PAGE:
Shock waves from the bitter armed struggle between Iraq and Iran are reverberating through the neighboring Persian Gulf states, who fear it could upset their own delicate political stability and threaten the oil lifeline to the West that brings them riches or explode into a global confrontation.
Interviews here and by telephone to other Gulf states today indicated that, while careful not to take sides publicly, most of the area's leaders are sympathetic to Iraq rather than to the Islamic revolutionary government of Iran. They see that regime becoming increasingly unstable and threatening the security of the entire region.
There was no indication today that either Iran or Iraq was attempting to carry out threats to seize control of the Strait of Hormuz, the vital 26-mile-wide waterway at the mouth of the Persian Gulf through which a considerable portion of the industrailized world's oil supplies passes.
Shipping officals said vessels of the Iranian navy, still the region's most powerful, were hailing vessels passing through the strait to determine their nationality and destination but none had been stopped. Iran yesterday warned ships to stay out of its coastal waters and not to go to Iraq and today Iraq's ambassador to Japan, Mohammed Amin Jaff, was quoted by Japanese officials as saying his country was prepared to take control of the vital strait to guarantee safe passage for foreign tankers.
Probably no other body of water is more critical to the industrialized world's well being than the Persian Gulf, where nearly all of the oil produced in the Middle East is put aboard tankers. The Strait of Hormuz is the only exit from the gulf.
The three-day-old war so far has not spread beyond the northern end of the 550-mile-long gulf, where the Iranians and Iraqi oil facilities virtually abut.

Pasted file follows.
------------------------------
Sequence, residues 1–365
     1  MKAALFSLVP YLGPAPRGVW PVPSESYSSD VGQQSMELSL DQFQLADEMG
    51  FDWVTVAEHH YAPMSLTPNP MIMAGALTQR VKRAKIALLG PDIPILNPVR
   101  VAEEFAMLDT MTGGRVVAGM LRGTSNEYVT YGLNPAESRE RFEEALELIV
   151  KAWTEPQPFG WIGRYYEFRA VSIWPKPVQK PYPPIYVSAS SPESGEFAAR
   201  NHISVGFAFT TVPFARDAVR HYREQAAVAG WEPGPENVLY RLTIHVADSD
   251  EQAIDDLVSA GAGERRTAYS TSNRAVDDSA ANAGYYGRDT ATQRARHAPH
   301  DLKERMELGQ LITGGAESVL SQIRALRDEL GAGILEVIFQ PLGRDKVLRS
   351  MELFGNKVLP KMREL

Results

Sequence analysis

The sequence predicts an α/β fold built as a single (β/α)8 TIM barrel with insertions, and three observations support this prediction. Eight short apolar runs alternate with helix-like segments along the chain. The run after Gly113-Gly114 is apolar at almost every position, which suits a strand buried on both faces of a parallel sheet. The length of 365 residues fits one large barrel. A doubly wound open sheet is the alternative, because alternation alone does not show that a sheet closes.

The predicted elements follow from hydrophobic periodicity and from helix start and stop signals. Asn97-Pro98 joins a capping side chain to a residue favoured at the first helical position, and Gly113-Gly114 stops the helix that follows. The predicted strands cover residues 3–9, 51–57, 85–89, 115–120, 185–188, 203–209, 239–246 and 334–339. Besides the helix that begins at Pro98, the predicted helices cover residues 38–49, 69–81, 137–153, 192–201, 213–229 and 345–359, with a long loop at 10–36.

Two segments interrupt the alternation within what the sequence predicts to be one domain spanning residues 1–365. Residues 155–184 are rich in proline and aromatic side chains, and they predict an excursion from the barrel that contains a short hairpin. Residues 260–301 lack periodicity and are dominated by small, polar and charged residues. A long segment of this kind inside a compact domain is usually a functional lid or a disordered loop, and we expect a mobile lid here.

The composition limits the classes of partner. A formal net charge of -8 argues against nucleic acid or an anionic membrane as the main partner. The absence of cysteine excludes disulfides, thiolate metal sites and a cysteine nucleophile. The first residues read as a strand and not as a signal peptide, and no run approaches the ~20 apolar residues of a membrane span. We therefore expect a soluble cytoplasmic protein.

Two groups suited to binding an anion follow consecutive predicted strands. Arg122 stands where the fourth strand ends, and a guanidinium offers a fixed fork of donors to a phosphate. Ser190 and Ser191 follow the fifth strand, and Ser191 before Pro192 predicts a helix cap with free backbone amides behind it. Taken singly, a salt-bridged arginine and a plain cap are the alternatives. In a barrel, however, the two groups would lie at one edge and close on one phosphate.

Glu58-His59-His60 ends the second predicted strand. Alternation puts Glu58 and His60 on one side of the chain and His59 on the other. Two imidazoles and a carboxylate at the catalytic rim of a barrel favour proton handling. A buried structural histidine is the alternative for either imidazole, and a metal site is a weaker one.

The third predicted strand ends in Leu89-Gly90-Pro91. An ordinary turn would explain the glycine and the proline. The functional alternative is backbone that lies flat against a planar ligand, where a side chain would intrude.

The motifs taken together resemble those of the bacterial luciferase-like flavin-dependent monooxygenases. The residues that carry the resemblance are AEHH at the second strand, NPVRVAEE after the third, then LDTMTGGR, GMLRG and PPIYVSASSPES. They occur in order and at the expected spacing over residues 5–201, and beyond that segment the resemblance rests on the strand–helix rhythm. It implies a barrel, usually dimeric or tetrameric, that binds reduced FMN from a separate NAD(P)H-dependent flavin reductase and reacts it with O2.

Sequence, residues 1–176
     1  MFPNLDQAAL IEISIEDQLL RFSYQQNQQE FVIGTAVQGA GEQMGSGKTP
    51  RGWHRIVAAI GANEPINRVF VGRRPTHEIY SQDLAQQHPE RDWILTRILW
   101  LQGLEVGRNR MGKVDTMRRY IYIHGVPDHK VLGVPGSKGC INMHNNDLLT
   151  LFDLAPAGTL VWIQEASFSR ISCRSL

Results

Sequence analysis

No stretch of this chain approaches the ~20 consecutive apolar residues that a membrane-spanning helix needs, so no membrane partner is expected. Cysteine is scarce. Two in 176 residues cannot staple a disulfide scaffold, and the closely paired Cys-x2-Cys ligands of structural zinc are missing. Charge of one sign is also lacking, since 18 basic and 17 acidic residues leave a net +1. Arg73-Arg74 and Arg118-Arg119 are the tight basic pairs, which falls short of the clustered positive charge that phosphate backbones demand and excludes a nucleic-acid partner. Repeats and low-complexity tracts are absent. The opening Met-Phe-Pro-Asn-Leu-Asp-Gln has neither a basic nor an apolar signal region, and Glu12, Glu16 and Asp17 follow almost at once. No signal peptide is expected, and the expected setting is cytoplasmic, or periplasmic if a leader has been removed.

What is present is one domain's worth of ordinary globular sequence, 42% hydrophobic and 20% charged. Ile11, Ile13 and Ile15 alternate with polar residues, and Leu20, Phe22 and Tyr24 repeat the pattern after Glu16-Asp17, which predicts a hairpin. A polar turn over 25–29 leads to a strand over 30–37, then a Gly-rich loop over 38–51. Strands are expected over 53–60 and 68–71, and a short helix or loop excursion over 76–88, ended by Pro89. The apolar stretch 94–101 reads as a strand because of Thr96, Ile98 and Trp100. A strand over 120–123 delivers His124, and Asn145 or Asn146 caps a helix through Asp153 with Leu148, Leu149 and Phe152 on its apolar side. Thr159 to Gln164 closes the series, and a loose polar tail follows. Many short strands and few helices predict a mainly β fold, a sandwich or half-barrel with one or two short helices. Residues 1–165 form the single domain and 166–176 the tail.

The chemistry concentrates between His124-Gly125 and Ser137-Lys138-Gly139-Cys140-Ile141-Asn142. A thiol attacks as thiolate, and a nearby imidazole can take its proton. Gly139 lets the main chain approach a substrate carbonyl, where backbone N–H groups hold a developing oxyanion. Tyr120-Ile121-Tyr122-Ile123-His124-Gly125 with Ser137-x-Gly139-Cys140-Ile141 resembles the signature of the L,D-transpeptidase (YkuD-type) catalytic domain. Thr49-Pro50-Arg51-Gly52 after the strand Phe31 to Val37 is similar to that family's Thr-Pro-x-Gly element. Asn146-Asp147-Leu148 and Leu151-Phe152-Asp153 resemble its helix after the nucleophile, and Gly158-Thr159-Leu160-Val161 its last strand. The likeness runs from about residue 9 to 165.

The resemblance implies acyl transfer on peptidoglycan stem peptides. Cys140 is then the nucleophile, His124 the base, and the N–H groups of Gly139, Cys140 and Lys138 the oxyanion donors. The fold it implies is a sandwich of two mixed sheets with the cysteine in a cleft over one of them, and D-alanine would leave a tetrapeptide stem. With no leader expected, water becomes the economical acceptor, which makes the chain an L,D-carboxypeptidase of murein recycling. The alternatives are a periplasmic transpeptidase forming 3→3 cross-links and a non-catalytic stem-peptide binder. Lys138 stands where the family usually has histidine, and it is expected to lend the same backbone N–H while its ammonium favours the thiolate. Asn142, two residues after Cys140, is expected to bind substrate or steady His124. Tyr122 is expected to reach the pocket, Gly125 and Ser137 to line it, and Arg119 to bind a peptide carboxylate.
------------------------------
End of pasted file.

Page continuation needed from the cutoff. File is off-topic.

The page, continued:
Oil operations in Bahrain, midway down the gulf, and in Saudi Arabia, Kuwait and other producing countries reportedly were continuing normally today and, according to reports reaching here, tankers were still moving freely through the strait.
Several other tankers, however, remained anchored outside either because they are trying to avoid paying the extremely high war-risk insurance rates set yesterday or because they are bound for Iraqi ports and fear trouble from Iranian gunboats.
Iran has been careful not to interdict shipping directly," one diplomat here said. "If it did, it would convert this into a wider conflict. If it succeeded in stopping the flow of oil from the gulf, the temperatures would definitely increase."
"All over the gulf," said another observer, "people are watching to see whether the strait stays open."
Whle it would be virtally impossible to block the strait, with its 10-mile-wide shipping channel, by sinking ships, the cumbersome supertankers are especially vulnerable to attack by small patrol boats and are unlikely to risk going through if there is any possible danger.
More than 50 tankers a day, carrying almost 40 percent of the noncommunist world's oil supplies, pass in normal times through the strait, which the late shah of Iran once called "the West's jugular vein."
Spot market prices for oil jumped by nearly 10 cents a gallon in some European and U.S. Gulf Coast markets, according to oil analaysts cited by United Press International, but they dropped later and most observers attributed the rise as much to speculative pressures as to genuine increase in the value of oil in a market which still has a significant surplus.
Although less than one-fourth of the oil imported by the United States goes through the Strait of Hormuz, Western Europe gets more than half of its oil by that route and Japan relies on the Persian Gulf for 75 percent of its needs.
Japan has accumlated a stockpile of an estimated 110-days' consumption of oil so it would not be seriously hurt by a brief interruption in shipping.
Nonetheless, Acting Foreign Minister Kiichi Miyazawa issued a statement in Tokyo today saying, "The Japanese government is deeply worried that the conflict between Iran and Iraq is getting severe and that the war is expanding." He called on the two governments to settle the conflict peacefully, preferably through the United Nations.
Fears that the Iranian Navy might attempt to block or mine the strait to halt all shipping rose when the Iranian ambassador to Italy, Nasirol Sadat Salami, told a news conference in Rome today that Iran might do "something big" in the gulf if the country were isolated by the rest of the world in its quarrel with Iraq.
Asked whether Iran might try to block the strait, Salami, a former Iranian Foreign Ministry spokesman who moved to Rome two weeks ago, said, "I could not say but it would be something big." Asked about rumors that Iran might try to destroy oil wells in the gulf region, he said, "I don't deny it. Out last card could be very dangerous."
There were no similar threats from Iranian officials in Tehran, however, and no reports here of menacing Iranian moves directed against anyone but Iraq.